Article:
Sustainable processes are often poorly implemented for a number of reasons but the single biggest challenge is actually making it a core objective of the business rather than one which can be cast aside if other pressures, albeit financial and economic take over. To ensure a strong business buy-in to sustainability requires addressing a number of features of the project. A well-defined objective backed up with suitably clear and achievable goals should be demonstrated to all internally, to customers and to the wider public. Here, sustainability must be shown to be important enough and matter to the business.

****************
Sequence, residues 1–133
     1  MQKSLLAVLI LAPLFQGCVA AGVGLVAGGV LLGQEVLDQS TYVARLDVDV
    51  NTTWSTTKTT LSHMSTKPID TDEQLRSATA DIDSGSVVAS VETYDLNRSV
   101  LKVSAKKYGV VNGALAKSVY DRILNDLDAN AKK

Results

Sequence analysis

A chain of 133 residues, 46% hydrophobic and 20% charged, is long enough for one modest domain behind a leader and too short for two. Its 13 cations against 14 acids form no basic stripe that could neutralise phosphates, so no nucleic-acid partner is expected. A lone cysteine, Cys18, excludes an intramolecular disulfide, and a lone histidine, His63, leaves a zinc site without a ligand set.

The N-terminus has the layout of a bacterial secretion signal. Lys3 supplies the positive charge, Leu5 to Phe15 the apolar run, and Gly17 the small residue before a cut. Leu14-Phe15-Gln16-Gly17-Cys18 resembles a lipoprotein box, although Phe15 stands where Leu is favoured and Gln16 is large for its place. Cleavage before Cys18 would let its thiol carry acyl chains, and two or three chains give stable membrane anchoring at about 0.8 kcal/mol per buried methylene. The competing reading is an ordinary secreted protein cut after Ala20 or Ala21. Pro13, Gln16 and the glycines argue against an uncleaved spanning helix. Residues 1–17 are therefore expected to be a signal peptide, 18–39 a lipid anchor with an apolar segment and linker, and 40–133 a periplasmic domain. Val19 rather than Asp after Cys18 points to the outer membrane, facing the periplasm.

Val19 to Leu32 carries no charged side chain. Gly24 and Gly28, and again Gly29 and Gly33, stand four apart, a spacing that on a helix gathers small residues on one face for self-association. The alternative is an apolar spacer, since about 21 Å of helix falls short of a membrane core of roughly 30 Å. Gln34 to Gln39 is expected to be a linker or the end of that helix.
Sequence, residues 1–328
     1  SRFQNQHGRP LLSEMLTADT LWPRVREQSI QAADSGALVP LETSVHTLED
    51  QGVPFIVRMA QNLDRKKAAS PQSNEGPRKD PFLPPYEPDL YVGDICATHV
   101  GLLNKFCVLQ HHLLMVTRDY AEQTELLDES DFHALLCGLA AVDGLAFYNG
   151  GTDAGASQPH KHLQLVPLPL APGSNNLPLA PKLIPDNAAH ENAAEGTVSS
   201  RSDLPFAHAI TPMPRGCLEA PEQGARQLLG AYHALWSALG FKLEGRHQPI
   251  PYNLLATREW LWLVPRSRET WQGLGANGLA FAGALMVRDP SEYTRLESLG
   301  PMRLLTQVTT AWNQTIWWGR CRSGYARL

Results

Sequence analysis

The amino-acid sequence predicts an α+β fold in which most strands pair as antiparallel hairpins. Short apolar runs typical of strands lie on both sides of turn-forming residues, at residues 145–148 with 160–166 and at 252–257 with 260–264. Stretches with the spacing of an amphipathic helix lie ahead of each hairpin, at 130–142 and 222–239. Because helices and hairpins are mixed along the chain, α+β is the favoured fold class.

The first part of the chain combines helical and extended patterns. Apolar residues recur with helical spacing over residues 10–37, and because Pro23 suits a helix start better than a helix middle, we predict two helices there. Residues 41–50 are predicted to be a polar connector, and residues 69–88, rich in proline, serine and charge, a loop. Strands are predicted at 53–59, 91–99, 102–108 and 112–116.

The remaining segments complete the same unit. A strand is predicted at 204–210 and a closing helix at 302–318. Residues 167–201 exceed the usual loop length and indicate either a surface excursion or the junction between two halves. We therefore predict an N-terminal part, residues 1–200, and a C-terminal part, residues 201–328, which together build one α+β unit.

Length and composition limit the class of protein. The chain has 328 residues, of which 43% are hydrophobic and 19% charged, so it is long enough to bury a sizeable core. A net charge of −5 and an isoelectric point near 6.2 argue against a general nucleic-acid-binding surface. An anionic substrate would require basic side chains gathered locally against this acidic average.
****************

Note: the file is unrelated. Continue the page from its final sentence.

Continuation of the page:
A further element of embedding the sustainability project is to make decision making as easy as possible during implementation. It means choosing appropriate tools to monitor and evaluate the process. For example, an appropriate tool might be using a life cycle analysis when minimising waste over a product’s life cycle. Having embarked on such a project, communicating success to all without embellishment or making inaccurate promises becomes the final feature. The business must feel confident that it was correct to embark on sustainability and be comfortable with the environmental message it is trying to convey.